The curriculum of the IMPRS tries to foster the abilities of the students to work on scientific problems independently. The measures to achieve this goal combine basic courses, advanced courses, progress meetings, courses on additional skills, research seminars and the participation in conferences and workshops. Furthermore practical exercises on state-of-the-art lab experiments and computer codes are combined with introductory tutorials.
We expect our students to follow and comply with the 'Rules of Good Scientific Practice'.
|1st Year||2nd Year||3rd Year||Final Oral Presentation|
|Block Courses||Course I||Course II||Course III|
|Organized by Student Teams||International Conference|
|Supervision||Thesis Advisory Committee (TAC I)||TAC II||TAC III|
|Discussion Meeting||Discussion Meeting||Discussion Meeting|
|Soft Skills Training||Course I||Course II||Course III|
Block Courses: Block courses are direct lecturing activities that impart the necessary background knowledge on theoretical methods, physical background of spectroscopy and some basic insight into the related chemistry of catalysts and reactions.
Summer Schools: The summer schools entitled ‘Theoretical and spectroscopic methods in Inorganic Chemistry’ (TSMI) and ‘Catalysis and Energy: from Synthesis to Application’ (CESA) are carried out in a biannual rhythm. These summer schools can consist of basic lectures, special interest lectures, practical work, data analysis, discussion groups and poster sessions.
International Conference: A highlight of the IMPRS-RECHARGE curriculum is the international scientific symposia series that is regularily organized by groups of doctoral/PhD students. The students have the unique possibility to independantly develop and perform a conference program including topic selection and invitation of experts.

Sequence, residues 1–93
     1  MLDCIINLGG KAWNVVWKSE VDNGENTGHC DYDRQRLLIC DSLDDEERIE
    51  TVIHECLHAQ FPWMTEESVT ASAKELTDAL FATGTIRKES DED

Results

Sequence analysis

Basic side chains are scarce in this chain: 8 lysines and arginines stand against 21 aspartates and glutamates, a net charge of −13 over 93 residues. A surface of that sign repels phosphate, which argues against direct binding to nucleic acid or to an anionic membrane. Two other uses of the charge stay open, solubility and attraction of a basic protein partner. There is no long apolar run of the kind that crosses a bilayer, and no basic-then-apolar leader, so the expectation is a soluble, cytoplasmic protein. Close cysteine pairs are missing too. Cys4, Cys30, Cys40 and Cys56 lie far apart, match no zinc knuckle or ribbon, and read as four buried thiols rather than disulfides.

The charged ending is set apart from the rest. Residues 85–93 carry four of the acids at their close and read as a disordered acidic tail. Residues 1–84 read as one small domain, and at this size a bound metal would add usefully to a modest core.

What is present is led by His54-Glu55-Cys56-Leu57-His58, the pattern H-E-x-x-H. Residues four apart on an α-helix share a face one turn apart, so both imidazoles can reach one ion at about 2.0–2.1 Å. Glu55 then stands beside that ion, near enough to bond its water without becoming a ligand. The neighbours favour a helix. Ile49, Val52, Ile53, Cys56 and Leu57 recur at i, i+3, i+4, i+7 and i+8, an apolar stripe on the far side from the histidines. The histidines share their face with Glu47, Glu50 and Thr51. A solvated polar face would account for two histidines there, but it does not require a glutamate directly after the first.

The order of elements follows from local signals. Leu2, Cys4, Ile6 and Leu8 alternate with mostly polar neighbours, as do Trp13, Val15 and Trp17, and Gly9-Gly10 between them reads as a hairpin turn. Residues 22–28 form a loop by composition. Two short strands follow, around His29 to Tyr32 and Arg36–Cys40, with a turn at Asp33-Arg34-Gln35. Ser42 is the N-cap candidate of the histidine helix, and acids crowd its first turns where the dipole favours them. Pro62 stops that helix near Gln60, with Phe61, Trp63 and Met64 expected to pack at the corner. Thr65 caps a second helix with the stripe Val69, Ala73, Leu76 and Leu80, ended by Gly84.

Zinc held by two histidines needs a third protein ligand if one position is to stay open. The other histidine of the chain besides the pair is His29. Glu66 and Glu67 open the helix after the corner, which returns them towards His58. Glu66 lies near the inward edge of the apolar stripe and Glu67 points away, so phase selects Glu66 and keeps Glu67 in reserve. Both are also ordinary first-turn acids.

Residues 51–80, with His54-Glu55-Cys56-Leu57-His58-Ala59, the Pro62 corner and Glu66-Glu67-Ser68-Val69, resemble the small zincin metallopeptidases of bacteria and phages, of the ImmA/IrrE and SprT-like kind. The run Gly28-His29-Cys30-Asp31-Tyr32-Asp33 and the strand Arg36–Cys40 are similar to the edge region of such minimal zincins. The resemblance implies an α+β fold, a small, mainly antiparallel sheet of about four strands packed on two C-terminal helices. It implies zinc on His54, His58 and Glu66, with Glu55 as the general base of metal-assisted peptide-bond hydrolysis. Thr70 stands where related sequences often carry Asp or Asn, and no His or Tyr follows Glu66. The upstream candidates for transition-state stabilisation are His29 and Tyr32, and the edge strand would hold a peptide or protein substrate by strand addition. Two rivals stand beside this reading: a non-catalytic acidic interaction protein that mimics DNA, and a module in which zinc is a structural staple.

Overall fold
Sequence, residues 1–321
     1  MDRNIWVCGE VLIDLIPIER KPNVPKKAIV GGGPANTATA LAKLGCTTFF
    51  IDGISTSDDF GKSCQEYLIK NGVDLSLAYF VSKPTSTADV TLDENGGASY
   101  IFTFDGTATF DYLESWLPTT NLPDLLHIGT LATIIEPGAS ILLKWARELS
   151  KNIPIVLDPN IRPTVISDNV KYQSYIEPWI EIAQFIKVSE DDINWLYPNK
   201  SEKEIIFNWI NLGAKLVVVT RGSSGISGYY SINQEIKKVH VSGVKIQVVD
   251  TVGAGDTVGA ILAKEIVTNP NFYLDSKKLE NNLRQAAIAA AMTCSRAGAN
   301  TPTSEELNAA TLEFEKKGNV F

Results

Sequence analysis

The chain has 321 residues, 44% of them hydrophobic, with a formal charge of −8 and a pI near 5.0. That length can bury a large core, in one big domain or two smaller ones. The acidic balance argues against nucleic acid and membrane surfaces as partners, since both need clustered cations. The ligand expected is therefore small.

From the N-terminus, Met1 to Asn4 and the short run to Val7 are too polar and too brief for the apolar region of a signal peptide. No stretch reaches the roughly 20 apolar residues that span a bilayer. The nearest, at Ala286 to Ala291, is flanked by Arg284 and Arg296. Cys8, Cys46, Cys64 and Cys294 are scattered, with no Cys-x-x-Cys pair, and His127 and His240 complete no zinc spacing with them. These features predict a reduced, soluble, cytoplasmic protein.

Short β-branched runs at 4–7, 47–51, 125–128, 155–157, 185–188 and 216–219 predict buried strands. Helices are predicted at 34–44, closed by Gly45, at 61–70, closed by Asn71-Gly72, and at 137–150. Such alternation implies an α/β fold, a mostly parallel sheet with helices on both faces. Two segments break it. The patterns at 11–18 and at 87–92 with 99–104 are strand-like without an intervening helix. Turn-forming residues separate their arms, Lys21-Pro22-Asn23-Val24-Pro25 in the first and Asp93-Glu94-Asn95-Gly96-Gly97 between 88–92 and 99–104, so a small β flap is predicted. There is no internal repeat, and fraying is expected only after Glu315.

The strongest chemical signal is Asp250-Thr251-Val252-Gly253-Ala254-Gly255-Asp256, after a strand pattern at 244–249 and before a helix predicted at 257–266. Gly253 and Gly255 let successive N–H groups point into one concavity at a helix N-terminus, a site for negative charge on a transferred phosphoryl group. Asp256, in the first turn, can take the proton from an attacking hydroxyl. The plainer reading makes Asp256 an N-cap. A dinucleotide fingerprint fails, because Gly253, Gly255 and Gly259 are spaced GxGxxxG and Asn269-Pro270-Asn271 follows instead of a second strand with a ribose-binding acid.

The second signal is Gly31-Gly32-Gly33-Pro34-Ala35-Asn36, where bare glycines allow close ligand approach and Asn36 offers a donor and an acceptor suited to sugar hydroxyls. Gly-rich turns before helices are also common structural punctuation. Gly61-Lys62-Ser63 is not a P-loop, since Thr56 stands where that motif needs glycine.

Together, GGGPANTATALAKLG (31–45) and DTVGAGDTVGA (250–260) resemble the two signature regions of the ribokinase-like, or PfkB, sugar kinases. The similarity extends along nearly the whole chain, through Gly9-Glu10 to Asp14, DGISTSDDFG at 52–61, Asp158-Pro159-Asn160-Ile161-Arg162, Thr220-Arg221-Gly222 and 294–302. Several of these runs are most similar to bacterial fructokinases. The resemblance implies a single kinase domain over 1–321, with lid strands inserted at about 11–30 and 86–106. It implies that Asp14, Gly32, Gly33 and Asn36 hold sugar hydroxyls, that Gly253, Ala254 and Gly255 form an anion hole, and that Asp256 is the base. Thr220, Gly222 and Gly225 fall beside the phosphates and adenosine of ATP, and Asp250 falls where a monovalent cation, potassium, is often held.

Retreat: Retreats offer exciting opportunities for students to discuss scientific topics, to share overarching research interests, and as well to use the provided platform for best-practice-exchange.
Discussion Meeting: Discussion meetings provide an informal opportunity for the students to present and discuss recent research results, to meet-up with new students and to organize coming activities. Regular talks in front of their peers, the students exercise and improve their presentation skills and obtain critical feedback on their scientific work.
Thesis Advisory Committee: The Thesis Advisory Committee (TAC) is responsible for monitoring progress and development of the doctoral/PhD student and to to give advice. The TAC consists of the direct supervisor and two (or more) expert scientists of the students research area. One of them must be external (i.e. from a different research institution). By default, TAC and student meet once a year.
Softs Skills Courses: The IMPRS offers workshops on various topics to improving the soft skills of its students e.g. presentation skills, scientific writing, scientific posters, project management or career planning.
Final Oral Presentations: Upon completion of all obligatory courses, doctoral/PhD students are supposed to delviver a final oral presentation with discussion about a specific topic derived from the curriculum.